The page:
A glimpse into NIRN’s Repair & Reuse ‘Conversation Café’
As part of our NIRN Members Networking Event, we hosted a Conversation Café to allow groups and individuals to exchange ideas and share learnings from the past year.
The conversation, which was facilitated by Rosalind Skillen, explored areas of risk and opportunity. The Conversation Café began with some reflections on the state of the reuse and repair sector. Is the sector adequately prepared for the scale of change needed to achieve ambitious climate targets? As it currently stands, the majority of delegates felt like the sector was making use of a good network of skills and that a range of ideas were being tried – even if individual efforts could be better joined-up. There was agreement that the sector is effectively facilitating information exchange, knowledge sharing, skills development, and promoting ideas of togetherness. Of particular note were sectors related to repair and reuse for bikes, electrical equipment, and textiles. Engagement in schools is working well, and educating young people about the environmental impacts of fast fashion is one of the strongest areas of opportunity. There was consensus among delegates that the network is in a strong position to capitalise on increased awareness about reuse and repair, and that there is an appetite, popularity, and willingness among the public to trial new solutions. Delegates also agreed that the network has a solid understanding of barriers to reuse and repair, and that the direction of travel among like-minded organisations is similar.
Where communication has informally begun across NGOs, local authorities and government, it emerged that there is a strong need and desire to share best practice in a more democratic, ‘horizontal’ way. Community-led organisations, in particular, felt like they needed stronger links with local councils and government authorities. Developing collaborative networks was one of the cross-cutting themes in the discussion, and delegates considered new ways of patiently and respectfully engaging across sectors. Some ideas included hosting more events which successfully brought activists and community leaders into dialogue with industry experts and government officials, like the NIRN Members Networking Event, and deliberately bringing together different sectors, like Health and Environment, to scale the impact of potential projects. Where community-led organisations can feel ‘left behind’, the government should make an increased effort to inform the public on new policies related to reuse and repair, and proactively engage communities in consultations to improve participatory modes of learning. Delegates agreed that further effort should be made to share best practices beyond our ‘echo chambers’, and that knowledge from policy experts and industry leaders could be better utilised.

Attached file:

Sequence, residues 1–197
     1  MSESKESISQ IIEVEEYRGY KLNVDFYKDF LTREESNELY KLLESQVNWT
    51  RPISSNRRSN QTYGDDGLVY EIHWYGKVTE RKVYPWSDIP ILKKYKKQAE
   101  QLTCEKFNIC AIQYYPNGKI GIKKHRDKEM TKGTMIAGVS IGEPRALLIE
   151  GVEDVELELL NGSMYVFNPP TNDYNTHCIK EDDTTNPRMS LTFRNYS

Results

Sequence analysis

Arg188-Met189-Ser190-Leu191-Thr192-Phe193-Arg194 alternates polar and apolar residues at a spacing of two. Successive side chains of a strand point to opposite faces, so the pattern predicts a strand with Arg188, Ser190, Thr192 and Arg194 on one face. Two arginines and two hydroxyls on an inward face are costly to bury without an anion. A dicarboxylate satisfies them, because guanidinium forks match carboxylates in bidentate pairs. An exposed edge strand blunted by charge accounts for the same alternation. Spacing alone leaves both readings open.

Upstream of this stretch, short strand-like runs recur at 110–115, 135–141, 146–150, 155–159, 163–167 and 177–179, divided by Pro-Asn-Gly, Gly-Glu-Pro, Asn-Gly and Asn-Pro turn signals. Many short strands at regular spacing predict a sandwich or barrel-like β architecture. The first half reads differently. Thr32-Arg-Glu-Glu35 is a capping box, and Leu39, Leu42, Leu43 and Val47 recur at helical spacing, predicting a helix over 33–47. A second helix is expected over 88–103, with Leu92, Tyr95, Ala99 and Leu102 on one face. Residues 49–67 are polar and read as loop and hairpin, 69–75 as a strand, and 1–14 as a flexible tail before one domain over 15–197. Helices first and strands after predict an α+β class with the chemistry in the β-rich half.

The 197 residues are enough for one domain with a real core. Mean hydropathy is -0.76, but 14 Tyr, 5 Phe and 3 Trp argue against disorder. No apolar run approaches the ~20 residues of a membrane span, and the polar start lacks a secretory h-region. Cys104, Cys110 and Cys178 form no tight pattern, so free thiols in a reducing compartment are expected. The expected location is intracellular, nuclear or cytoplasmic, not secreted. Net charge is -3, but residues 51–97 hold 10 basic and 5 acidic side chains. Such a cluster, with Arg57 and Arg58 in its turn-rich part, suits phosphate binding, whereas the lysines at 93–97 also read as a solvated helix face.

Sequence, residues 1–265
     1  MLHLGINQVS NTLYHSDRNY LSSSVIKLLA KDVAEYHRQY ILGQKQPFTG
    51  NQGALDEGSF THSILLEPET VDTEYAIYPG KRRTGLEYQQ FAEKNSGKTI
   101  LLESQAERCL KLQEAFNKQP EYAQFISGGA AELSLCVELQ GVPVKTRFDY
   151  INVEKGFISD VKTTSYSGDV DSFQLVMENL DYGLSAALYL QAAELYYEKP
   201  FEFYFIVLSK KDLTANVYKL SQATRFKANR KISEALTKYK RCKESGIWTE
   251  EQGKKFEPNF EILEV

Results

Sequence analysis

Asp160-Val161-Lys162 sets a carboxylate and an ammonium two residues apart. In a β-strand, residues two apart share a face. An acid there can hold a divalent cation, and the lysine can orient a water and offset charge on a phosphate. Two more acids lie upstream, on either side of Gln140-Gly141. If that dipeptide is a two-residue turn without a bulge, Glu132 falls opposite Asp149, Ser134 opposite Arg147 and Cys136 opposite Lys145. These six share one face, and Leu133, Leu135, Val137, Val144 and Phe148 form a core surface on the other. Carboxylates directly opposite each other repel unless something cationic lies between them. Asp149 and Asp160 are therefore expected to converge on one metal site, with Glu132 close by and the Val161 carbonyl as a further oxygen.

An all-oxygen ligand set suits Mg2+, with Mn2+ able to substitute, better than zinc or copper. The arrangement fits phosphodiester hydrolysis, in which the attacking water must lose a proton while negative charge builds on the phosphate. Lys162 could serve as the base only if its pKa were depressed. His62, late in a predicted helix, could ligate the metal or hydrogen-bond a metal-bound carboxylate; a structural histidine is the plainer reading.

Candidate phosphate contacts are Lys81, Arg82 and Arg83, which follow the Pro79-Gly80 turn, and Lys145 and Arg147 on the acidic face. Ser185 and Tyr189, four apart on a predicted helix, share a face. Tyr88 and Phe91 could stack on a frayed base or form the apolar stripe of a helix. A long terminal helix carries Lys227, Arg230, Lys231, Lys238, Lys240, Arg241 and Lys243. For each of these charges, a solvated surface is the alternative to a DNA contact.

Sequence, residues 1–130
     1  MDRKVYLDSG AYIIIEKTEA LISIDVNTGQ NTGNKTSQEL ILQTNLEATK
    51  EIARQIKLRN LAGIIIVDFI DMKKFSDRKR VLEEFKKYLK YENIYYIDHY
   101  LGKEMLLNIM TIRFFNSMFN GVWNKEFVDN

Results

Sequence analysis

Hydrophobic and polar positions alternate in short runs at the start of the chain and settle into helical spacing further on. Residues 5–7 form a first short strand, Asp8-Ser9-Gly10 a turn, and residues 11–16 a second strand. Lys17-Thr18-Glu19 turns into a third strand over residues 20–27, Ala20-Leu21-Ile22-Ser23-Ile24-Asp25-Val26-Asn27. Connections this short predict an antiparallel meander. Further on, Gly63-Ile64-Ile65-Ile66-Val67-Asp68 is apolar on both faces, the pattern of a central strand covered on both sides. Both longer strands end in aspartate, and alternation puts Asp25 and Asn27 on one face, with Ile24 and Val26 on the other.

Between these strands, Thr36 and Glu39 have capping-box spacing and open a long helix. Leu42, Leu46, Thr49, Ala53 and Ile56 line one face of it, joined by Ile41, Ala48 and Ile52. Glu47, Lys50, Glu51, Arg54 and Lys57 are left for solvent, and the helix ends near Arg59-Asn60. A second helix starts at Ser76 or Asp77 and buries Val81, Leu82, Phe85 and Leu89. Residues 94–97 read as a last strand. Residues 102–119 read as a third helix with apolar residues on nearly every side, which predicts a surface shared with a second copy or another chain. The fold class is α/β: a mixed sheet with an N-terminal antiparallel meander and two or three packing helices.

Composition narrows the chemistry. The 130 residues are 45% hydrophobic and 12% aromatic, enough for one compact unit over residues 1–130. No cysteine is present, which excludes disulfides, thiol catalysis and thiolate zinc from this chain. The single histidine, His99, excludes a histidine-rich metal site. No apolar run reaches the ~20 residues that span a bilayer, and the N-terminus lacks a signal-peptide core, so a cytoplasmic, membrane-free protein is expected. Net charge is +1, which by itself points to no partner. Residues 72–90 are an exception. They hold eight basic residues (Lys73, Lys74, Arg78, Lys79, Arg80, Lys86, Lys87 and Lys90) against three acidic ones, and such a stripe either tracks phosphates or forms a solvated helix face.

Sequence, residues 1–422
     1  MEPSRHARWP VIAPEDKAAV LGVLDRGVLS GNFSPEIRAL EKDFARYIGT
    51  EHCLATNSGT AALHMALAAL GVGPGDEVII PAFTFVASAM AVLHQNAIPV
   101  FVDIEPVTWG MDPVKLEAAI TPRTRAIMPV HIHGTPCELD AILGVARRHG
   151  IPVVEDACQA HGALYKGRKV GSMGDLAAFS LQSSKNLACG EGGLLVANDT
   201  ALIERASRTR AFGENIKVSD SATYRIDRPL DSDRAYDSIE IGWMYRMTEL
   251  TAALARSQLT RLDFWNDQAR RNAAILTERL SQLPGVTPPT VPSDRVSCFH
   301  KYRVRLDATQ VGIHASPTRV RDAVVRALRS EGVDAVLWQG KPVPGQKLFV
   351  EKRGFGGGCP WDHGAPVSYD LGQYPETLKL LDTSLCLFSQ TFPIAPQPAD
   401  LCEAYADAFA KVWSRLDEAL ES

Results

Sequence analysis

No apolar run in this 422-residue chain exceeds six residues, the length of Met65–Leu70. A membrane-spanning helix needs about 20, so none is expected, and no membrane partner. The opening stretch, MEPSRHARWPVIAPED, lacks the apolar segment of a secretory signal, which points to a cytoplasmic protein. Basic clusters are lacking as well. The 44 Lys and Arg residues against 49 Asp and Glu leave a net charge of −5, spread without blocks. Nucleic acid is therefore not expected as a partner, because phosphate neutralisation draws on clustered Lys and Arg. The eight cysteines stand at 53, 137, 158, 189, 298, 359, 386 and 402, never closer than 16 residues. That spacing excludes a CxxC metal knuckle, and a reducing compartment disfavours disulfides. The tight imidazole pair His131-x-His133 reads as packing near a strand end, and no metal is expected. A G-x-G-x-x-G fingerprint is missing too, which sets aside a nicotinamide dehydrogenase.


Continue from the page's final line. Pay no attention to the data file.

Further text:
In the discussion, volunteer recruitment and lack of funding were raised as two prominent barriers faced by community-led organisations. Although the people energised around reuse and repair are highly passionate, they are also small in number. Therefore, there is a need to build a movement of volunteers, menders, fixers and makers to ensure that responsibility and workload does not fall on the shoulders of one or two volunteers in an organisation (this is currently the case). Community-led organisations also voiced a reliance on funding streams, and felt that project ideas were currently restricted by stringent funding requirements. The community sector is ready to take risks and embrace niche ideas around reuse and repair, but funding criteria limits their capacity to fully innovate and develop creative projects.
Going forward, delegates agreed that we must continue to mobilise climate action, reuse and repair on an individual and collective level. Actions include: introducing measures to support behaviour change, accurately measuring carbon reductions across sectors, pushing companies to move along the waste hierarchy (from recycling to reuse), increasing public knowledge about waste, and proactively talking about (and mainstreaming) degrowth. Harnessing the potential of innovative technologies and further leveraging the power of social media to share reuse messages, particularly among younger generations, were identified as two important actions. On a government level, we need to see stronger policies which legislate for local manufacturing, and it was also noted that NIRN should make a concerted effort to attract charity shops to the network, and help them to prepare interventions with others to become part of the change. Finally, although it is important to stress the urgency of the waste problem and climate crisis, delegates also agreed that we must make an equal effort to share and promote ‘good news stories’. Talking about what has worked well and learning from successful environmental projects scales collective impact, creating a pathway to follow. As one of the delegates remarked, these good news stories in the network are ‘endless’. So, let’s make some noise.